A find on the Roadside America website was the World’s Largest Claw Game. Located in Dayton, Ohio it was a must stop on our day in town. It turned out to be in somewhere very cool itself.

The Proto Build Bar is acknowledged by the folks in the coffee shop, as well as on their website as the World’s first ‘Buildbar’. It is a place that they claim is part 3D printing lab, part electronic maker space, and part cafe, and their advertising is spot on.

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Upon entering we were welcomed by Betty, who showed us around and explained the concept.

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There are many touches recognizing the genius of Nikola Tesla

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And true to Roadside America they do indeed have the World’s Largest Claw Game. And to top it off I had an excellent turkey and swiss panini.

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Cleveland – April 2017 – Robotics Competition

The first day of April, 2017 offered up a Robotics Competition at Cleveland State University’s Wolstein Center. The competition featured high school age groups from throughout Ohio as well as a few surrounding states.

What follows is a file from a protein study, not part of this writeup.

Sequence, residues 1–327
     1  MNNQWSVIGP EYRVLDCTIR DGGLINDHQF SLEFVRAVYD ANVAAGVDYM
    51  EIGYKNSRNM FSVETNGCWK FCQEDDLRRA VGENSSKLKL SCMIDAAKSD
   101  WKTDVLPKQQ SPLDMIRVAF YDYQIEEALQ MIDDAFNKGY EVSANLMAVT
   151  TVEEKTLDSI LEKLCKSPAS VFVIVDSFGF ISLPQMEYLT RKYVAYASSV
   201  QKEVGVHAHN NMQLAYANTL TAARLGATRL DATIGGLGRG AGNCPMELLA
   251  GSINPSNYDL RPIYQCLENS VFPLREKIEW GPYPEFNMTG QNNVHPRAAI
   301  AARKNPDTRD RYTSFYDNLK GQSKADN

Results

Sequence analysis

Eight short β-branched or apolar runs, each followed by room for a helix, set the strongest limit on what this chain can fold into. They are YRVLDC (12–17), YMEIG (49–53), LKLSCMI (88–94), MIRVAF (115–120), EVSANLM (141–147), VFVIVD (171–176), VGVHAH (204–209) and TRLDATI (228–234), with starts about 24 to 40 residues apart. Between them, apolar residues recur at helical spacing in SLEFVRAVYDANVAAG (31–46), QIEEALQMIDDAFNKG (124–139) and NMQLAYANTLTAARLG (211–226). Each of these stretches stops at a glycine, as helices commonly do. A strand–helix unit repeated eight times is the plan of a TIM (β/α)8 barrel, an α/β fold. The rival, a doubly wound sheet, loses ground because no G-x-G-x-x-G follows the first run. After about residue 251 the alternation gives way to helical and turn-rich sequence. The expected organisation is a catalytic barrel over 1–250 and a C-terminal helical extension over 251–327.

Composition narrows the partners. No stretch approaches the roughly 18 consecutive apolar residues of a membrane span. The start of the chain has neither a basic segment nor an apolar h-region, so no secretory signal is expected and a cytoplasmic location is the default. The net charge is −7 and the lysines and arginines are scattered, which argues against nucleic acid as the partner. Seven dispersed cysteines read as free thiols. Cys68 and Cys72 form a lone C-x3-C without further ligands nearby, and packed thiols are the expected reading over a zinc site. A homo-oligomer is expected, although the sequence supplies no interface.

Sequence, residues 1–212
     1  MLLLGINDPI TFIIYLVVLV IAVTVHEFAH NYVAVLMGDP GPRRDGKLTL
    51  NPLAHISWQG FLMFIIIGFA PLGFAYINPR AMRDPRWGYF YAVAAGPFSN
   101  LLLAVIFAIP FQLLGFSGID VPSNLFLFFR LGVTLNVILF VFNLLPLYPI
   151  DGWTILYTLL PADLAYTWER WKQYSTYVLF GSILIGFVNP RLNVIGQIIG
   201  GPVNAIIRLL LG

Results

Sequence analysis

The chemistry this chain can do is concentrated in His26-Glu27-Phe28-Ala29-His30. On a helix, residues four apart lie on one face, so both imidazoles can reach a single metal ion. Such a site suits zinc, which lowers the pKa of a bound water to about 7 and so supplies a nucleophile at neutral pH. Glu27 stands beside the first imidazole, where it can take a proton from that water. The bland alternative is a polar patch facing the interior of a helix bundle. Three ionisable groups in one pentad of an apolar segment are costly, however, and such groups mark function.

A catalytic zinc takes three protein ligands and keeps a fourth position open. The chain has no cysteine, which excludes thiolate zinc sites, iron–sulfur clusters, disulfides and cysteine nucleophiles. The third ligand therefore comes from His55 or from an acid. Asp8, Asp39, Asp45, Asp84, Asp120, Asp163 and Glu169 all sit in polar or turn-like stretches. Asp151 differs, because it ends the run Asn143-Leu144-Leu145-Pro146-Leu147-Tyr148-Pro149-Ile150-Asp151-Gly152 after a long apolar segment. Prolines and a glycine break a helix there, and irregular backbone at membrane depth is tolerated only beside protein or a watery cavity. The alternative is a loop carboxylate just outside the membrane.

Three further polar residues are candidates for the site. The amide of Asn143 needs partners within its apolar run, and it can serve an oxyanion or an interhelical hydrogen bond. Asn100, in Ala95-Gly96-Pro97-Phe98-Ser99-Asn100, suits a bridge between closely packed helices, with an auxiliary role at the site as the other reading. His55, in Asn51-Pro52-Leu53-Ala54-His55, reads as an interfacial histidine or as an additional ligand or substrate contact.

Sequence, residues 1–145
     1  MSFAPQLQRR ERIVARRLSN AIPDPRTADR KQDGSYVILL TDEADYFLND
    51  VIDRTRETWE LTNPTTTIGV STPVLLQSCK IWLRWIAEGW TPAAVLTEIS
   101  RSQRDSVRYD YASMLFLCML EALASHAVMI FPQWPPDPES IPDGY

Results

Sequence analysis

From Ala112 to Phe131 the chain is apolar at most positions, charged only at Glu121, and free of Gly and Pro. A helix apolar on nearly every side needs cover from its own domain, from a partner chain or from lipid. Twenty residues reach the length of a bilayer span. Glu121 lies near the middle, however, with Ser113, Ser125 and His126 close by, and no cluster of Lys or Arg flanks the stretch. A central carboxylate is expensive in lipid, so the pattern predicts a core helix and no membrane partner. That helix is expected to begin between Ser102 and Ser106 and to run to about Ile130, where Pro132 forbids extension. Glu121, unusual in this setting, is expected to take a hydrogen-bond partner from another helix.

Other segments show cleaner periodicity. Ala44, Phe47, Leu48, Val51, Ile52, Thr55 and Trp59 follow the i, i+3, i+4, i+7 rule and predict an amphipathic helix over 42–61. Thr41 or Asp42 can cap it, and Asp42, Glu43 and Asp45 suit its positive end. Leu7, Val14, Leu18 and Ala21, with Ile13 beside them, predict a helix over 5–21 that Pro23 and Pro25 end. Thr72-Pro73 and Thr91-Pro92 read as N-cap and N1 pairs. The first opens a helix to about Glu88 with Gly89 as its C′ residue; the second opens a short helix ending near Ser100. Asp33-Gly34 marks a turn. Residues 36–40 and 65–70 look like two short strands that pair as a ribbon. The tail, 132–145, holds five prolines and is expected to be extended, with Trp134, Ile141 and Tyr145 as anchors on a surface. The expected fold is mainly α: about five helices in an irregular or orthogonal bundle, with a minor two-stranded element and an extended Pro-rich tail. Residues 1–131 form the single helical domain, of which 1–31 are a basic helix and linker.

The Wolstein Center is a 13,000 seat basketball arena, and for the competition the floor was divided in half, one side was the competition area and the other was the pits. The emcee hosting kept the crowd engaged throughout.

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The crowd of roughly 2000 people were extremely enthusiastic, cheering on their teams as the robots competed.

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The competition was intense.

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The teams throughout the pits were very happy to talk about their robots, and how they function.

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Columbus – December 2015 – COSI and a Tour of Unique Downtown buildings

The last vacation of the day brought us downtown to see a few places that are always closed on weekends, plus visit one that is usually too crowded with kids on weekends.

The Ohio Supreme Court building on Front Street was built in the 1930s in a classic Art Deco style, and the interior still is a very nice example of this period. The early-1930s-era building, which features an art deco main concourse and a lavishly painted and decorated courtroom, we repurposed in 2004 for the Supreme Court.